Elementary, my dear Watson... (Or should that be alimentary?)

As with the strip down of the Shed, I couldn't resist attempting to piece together a little of the history surrounding the final moments of the Grey MG. Looking through the various cubby and storage bins revealed a number of receipts – including one for the car's purchase through an auction house in 2007, the purchase of some engine oil pretty much the same day, and a few other odds and sods – most frequently, fuel receipts. There was a note for a chap called Julian – the car's previous keeper perhaps? But also was a fast food takeaway carrier containing some fries and soft drink. Perhaps just as significantly was the presence of some pain killers – was this the meal of the morning after? Who knows... But I bet the driver had a bit of a headache after the final impact, as further inspection of the front end of the car revealed a comprehensively crushed front structure, distorted front subframe, damaged/bent front suspension and a snapped steering rack (little wonder the front wheels refused to point in the same direction!!! Curiously the air bag had failed to deploy – which didn't quite fit with the apparent damage to the front of the donor car. The explanation to this conundrum presented itself later – as I'll explain shortly.

Picture above – credit card receipt following the car’s purchase at auction by its last owner – for a princely sum of £1572…

Picture above,
possibly the first petrol receipt!

Picture above –
the meal following a big night out?

Or were the pain killers purchased following the frontal impact? Ouch…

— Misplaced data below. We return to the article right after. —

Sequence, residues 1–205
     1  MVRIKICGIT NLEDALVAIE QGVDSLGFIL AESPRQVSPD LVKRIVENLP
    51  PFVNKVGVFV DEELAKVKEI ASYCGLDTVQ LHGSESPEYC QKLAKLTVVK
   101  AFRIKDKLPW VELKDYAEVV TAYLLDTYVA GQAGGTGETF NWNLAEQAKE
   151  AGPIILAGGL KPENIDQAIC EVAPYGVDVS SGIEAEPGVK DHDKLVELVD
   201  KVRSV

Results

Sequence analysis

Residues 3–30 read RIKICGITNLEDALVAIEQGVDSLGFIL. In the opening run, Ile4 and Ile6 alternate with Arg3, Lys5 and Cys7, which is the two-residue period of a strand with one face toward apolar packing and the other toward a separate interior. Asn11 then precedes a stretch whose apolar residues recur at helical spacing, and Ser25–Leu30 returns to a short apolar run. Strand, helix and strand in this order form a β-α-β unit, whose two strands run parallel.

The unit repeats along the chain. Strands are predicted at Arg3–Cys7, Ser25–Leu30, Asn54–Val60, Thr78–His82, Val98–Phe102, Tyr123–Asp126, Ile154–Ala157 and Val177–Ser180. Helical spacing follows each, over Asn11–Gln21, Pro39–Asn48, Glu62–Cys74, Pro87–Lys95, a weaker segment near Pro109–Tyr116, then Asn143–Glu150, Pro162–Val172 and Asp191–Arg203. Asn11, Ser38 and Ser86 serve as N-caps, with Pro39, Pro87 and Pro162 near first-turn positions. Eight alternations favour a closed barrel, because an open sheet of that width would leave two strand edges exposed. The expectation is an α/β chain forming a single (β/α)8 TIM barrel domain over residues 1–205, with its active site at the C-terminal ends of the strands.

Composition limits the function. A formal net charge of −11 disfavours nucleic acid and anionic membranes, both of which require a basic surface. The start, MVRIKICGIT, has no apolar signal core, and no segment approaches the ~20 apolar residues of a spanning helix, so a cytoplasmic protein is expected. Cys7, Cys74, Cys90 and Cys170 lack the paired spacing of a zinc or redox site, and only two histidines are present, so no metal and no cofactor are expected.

Other problems included the presence of the dreaded inner-edge front tyre wear. This is a common problem on these cars – often down to a combination of geometry issues relating to castor, excess camber and too much toe-out on the front suspension (read more here). Running the car on semi-slicks (resulting from the excessive tyre wear) won't have done any favours for front-end grip in the wet either – likely to result in dramatic understeer, particularly under braking. Cheap and nasty, mixed brand tyres fitted would simply have exacerbated matters further. But curiously – and wonder of wonders! - the ABS fitted to this otherwise standard MGF 1.8i would at least help to stave off lock up. The finding that this car had ABS was a real boon – not least because it meant that the Shed, originally a VVC, could retain this useful braking safety feature that might otherwise have been lost had the donor's wiring loom not come so equipped with the necessary wires and connectors. Bargain! Didn't save the hapless Grey MGF though – ABS doesn't alter Newtonian Physics. Nor indeed any other law of Physics that I am aware of. Drive too fast into a corner, you'll fall off (as I myself demonstrated to dramatic effect at the Luton Park Hill climb a couple of years ago – but that's another story)....